Kansas Association of School Boards

Celia Llopis-Jepsen / Kansas News Service

Kansas educators want lawmakers to act on health care, bullying and college credits when the Legislature convenes later this month.

For over a decade, the school funding battle has dominated any conversation about education in Topeka. But with a school funding plan in place, educators are no longer on the legal offensive. Instead, school lawyers have become watchdogs, making sure the Legislature keeps the education dollars flowing.

Stephen Koranda / Kansas Public Radio/File photo

A Kansas school boards group plans to oppose an education funding bill that it says likely won’t end a long-running court battle over how much the state spends.

Stephen Koranda / Kansas News Service, File Photo

Gov. Laura Kelly’s school funding plan is headed to the full Senate for consideration. Though the proposal is advancing, a coalition of Kansas school districts has pulled its support.

file photo / Kansas News Service

Wichita Public School teachers are receiving a more than a 3.5 percent increase in salary. In Topeka, the increase is nearly 8 percent, that district's largest in 26 years.

School districts across Kansas are raising salaries, restoring cut positions and adding new jobs.

Celia Llopis-Jepsen / Kansas News Service/File photo

Kansas schools already have the freedom to arm their teachers. Gov. Jeff Colyer now says bonuses for teachers who pack weapons might be in order.

Kansas News Service/File Photo

The former legal director for the American Civil Liberties Union of Kansas thinks a practice among some school boards of restricting patron complaints at public meetings eventually will end up in court.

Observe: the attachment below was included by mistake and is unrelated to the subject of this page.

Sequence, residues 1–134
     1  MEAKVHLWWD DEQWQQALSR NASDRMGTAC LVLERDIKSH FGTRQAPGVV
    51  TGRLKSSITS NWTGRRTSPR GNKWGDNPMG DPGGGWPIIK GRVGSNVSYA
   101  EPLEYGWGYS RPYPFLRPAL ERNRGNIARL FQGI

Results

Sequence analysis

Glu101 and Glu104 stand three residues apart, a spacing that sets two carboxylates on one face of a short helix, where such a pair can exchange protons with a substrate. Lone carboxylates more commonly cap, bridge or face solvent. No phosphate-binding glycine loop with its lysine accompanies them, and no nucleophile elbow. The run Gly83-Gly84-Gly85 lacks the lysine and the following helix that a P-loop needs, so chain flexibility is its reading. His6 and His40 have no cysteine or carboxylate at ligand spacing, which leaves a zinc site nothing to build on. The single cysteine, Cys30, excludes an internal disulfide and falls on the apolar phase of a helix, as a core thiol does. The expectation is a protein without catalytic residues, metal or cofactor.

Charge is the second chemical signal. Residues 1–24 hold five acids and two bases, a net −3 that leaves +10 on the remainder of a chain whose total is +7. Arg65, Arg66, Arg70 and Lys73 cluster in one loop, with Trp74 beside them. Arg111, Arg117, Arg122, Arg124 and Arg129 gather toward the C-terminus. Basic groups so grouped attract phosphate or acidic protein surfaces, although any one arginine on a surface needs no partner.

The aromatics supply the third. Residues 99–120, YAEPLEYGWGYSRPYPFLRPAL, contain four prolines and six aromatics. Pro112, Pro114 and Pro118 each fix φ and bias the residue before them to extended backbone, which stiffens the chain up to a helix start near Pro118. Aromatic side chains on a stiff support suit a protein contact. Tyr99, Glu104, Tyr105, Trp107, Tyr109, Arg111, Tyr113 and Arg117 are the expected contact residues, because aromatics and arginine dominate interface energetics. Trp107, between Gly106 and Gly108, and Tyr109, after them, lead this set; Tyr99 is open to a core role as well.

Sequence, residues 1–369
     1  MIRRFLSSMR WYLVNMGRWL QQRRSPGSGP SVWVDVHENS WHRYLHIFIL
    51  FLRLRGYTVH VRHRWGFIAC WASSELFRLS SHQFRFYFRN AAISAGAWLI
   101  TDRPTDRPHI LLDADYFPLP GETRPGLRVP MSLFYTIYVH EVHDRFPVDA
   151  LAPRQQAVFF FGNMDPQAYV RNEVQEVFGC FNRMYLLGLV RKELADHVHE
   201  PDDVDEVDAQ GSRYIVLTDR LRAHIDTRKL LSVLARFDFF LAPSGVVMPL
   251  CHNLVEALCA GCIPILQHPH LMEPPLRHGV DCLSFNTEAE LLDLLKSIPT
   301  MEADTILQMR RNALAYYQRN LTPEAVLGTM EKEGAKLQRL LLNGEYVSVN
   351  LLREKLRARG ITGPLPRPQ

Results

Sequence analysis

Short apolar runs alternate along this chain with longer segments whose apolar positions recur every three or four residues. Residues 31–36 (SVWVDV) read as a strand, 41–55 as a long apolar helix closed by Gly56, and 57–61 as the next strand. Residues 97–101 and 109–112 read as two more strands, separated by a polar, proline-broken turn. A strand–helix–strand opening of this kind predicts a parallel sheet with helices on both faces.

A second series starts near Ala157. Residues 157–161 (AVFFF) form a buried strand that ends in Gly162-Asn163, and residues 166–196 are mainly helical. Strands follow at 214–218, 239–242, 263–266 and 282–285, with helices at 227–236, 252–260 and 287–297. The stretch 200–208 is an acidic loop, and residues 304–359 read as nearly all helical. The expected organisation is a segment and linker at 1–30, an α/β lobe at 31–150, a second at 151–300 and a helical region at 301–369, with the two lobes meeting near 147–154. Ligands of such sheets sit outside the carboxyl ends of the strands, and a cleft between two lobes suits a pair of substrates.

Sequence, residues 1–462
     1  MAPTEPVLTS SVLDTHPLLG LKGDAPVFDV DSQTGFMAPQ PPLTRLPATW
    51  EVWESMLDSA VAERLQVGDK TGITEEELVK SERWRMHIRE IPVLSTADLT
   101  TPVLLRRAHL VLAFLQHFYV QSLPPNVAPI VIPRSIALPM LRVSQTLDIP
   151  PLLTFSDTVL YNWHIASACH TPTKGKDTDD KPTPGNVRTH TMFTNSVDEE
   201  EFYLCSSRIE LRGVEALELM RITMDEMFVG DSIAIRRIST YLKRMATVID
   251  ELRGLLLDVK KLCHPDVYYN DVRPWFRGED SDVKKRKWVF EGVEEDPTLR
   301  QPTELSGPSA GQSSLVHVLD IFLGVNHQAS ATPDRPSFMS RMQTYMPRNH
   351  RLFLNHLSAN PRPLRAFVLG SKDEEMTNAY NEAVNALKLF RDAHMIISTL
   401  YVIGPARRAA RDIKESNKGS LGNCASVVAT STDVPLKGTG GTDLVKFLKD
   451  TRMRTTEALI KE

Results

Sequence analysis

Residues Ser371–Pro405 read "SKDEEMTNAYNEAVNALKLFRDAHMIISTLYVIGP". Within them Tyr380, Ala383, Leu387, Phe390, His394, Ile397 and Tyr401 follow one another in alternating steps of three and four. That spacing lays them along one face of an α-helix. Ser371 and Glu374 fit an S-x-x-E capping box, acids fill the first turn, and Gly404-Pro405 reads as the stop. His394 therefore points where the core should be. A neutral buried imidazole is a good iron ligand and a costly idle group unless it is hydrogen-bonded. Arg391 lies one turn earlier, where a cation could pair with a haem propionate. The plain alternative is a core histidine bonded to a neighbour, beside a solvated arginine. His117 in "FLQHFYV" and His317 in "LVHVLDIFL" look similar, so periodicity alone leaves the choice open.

Doug Bonney, legal director emeritus for ACLU Kansas, said if barring complaints about school board members, the superintendent or employees is common, that doesn’t make it right.

Alberto G. / flickr Creative Commons

The results of the state's latest ACT test show the number of Kansas students who are college-ready is on the decline.

Celia Llopis-Jepsen / Kansas News Service

Tens of millions of dollars in extra state funding that legislators approved this spring amid pressure from an ongoing school finance lawsuit could go toward raising teacher pay.

Alberto G. / flickr Creative Commons

Kansas education officials are aiming for big improvements in academic outcomes by 2030.

State officials want a 95 percent high school graduation rate. The current rate is 86 percent. And they want even steeper gains in math and reading proficiency.

The Kansas Association of School Boards supports these goals but warns no state has achieved them, and to get there schools will need more resources.

Stephen Koranda / KPR/File photo

Kansas lawmakers have the tall order of writing a new school funding formula this year. There’s already some agreement between the governor and the organization representing school boards: They don’t want the current funding system extended.

Kansas legislators threw out the old school funding formula in 2015 and replaced it with block grants set to expire this year.

Some lawmakers are concerned they might get bogged down writing a new formula and end up extending the block grants. Gov. Sam Brownback says he’s not in favor of that.

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